Whether you’re the average Joe or a finely-tuned, elite athlete, we often all have this in common: aches, pains, strains and stiffness that can creep in, seemingly out of nowhere. For some of us, the pain affects the quality of our daily lives, and pinpointing the cause can seem like a wild goose chase. This was the case for the creator of the MELT Method, Sue Hitzmann. Developing MELT’s innovative approach to self-care—after an extensive dive down the rabbit hole of neurofascial research—was her ticket out of pain and many symptoms of aging. Two decades later, thousands of people have joined her on that journey.

But let’s go back to the beginning of Sue’s career—one you might relate to, since her first job was as an aerobics instructor at the local YMCA and, eventually, a sought-after fitness pro, earning a name for herself as host on ESPN’s CRUNCH TV and as a cover model for Muscle & Fitness Magazine. As she wrote about that time: “By all measures, I was in perfect health and a success. I had made it.”

That’s when the plot line shifted and chronic pain entered the picture. Pain can be a confusing experience for anyone, but especially for a fitness professional who believes they’re doing everything right when it comes to health and wellness. Sue iced. She stretched. She strengthened. And her foot still hurt. Soon, it hurt 24 hours a day, even keeping her up at night.

The secret no one in fitness tells you is this: You can’t exercise your way out of pain. In fact, depending on the issue and the body in question, exercise can actually strengthen the dysfunction that’s behind the pain.

Sue’s search for answers eventually led her to hands-on bodywork—first as a treatment for her debilitating pain, but the experience was so profound that she began to train as a manual therapist and opened a practice in New York City. Her experience and drive to understand the cause of pain led to countless hours of research, study and training. She found herself in a six-day dissection course with Rolfer and Integral Anatomy creator, Gil Hedley, and through his unique method of dissecting tissues layer by layer, learned the connective tissue system in an intimate way. She intuitively knew this was the missing piece in our pursuit of whole-body health and pain-free living—and subsequent research and trial confirmed it. It led her to refine what is now the MELT Method, a clinically proven technique for pain relief that boosts performance and restores balance, stability and a sense of vibrancy to both body and mind.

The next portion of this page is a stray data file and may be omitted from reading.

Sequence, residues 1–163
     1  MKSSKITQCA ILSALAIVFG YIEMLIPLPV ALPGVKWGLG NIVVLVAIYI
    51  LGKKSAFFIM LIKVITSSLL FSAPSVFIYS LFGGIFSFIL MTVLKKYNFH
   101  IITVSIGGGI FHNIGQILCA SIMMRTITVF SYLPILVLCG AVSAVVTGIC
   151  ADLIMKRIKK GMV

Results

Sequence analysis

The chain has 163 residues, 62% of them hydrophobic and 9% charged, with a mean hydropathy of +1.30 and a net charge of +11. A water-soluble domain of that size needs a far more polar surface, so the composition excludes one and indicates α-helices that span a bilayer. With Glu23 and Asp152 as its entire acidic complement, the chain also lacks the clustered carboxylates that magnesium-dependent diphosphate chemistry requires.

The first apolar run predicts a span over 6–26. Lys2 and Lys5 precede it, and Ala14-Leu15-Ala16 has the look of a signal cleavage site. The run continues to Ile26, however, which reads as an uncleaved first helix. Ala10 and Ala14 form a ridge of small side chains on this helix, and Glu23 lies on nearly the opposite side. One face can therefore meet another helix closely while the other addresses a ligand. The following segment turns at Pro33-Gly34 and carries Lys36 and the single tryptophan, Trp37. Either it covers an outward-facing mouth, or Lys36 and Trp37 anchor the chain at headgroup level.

“She teaches you to take care of the body you actually have, as opposed to the ‘muscle body’ upon which much of the fitness industry is focused,” Gil Hedley wrote in the foreword of Sue’s New York Times best-selling book, The MELT Method. “There is so much more to our bodies than just muscles, and Sue’s efforts represent a great stride in expanding our awareness of our whole body.”

We’re sharing Sue’s personal story here because it illustrates that no one (even the fittest among us) is immune to pain from the repetitive motions of daily living. And this is what makes the MELT Method an integral practice for everyone—for you, as a fitness professional, and for all of your clients, regardless of their age or their physical abilities.

Today, Sue is an internationally recognized manual therapist, exercise physiologist and founding member of the Fascia Research Society. She shared more about herself and her experience getting and staying out of pain—watch and learn for free at this link: https://www.youtube.com/watch?v=n9wcBbm7q1s

If you’re interested in learning to teach the MELT Method to your clients, registration is now open for Level 1 training, beginning in September. Learn more here.